New law includes targeted protections for tenants to shield them from evictions due to COVID-19-related back rent through February 1, 2021
Extends anti-foreclosure protections in the Homeowner Bill of Rights to small landlords
SACRAMENTO — Governor Gavin Newsom on Monday announced that he had signed legislation to protect millions of tenants from eviction and property owners from foreclosure due to the economic impacts of COVID-19. These protections apply to tenants who declare an inability to pay all or part of the rent due to a COVID-related reason.
Under the legislation, no tenant can be evicted before February 1, 2021 as a result of rent owed due to a COVID-19 related hardship accrued between March 4 – August 31, 2020, if the tenant provides a declaration of hardship according to the legislation’s timelines. For a COVID-19 related hardship that accrues between September 1, 2020 – January 31, 2021, tenants must also pay at least 25 percent of the rent due to avoid eviction.
“COVID-19 has impacted everyone in California – but some bear much more of the burden than others, especially tenants struggling to stitch together the monthly rent, and they deserve protection from eviction,” said Governor Newsom. “This new law protects tenants from eviction for non-payment of rent and helps keep homeowners out of foreclosure as a result of economic hardship caused by this terrible pandemic. California is stepping up to protect those most at-risk because of COVID-related nonpayment, but it’s just a bridge to a more permanent solution once the federal government finally recognizes its role in stabilizing the housing market. We need a real, federal commitment of significant new funding to assist struggling tenants and homeowners in California and across the nation.”
On Friday, the Governor, Senate President pro Tempore Toni G. Atkins and Assembly Speaker Anthony Rendon announced an agreement on the legislation, AB 3088, co-authored by Assemblymembers David Chiu (D-San Francisco) and Monique Limón (D-Santa Barbara) and Senators Steven Bradford (D-Gardena) and Anna Caballero (D-Salinas).
Tenants are still responsible for paying unpaid amounts to landlords, but those unpaid amounts cannot be the basis for an eviction. Landlords may begin to recover this debt on March 1, 2021, and small claims court jurisdiction is temporarily expanded to allow landlords to recover these amounts. Landlords who do not follow the court evictions process will face increased penalties under the Act.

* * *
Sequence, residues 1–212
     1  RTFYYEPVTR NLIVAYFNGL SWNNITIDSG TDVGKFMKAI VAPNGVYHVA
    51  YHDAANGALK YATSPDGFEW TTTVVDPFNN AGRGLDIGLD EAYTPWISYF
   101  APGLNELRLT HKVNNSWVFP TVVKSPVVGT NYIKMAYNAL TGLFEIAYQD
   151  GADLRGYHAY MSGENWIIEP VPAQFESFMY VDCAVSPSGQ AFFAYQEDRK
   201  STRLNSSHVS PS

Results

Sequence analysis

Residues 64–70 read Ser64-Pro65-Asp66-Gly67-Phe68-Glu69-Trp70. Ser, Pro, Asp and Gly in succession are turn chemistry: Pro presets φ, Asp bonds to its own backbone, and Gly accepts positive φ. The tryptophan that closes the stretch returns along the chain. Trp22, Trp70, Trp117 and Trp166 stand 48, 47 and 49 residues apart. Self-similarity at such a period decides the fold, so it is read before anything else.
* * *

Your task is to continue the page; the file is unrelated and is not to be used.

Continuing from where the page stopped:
The legislation also extends anti-foreclosure protections in the Homeowner Bill of Rights to small landlords; provides new accountability and transparency provisions to protect small landlord borrowers who request CARES-compliant forbearance; and provides the borrower who is harmed by a material violation with a cause of action.
Additional legal and financial protections for tenants include:
- Extending the notice period for nonpayment of rent from 3 to 15 days to provide tenant additional time to respond to landlord’s notice to pay rent or quit.
- Requiring landlords to provide hardship declaration forms in a different language if rental agreement was negotiated in a different language.
- Providing tenants a backstop if they have a good reason for failing to return the hardship declaration within 15 days.
- Requiring landlords to provide tenants a notice detailing their rights under the Act.
- Limiting public disclosure of eviction cases involving nonpayment of rent between March 4, 2020 – January 31, 2021.
- Protecting tenants against being evicted for “just cause” if the landlord is shown to be really evicting the tenant for COVID-19-related nonpayment of rent.
Existing local ordinances can generally remain in place until they expire and future local action cannot undermine this Act’s framework. Nothing in the legislation affects a local jurisdiction’s ability to adopt an ordinance that requires just cause, provided it does not affect rental payments before January 31, 2021.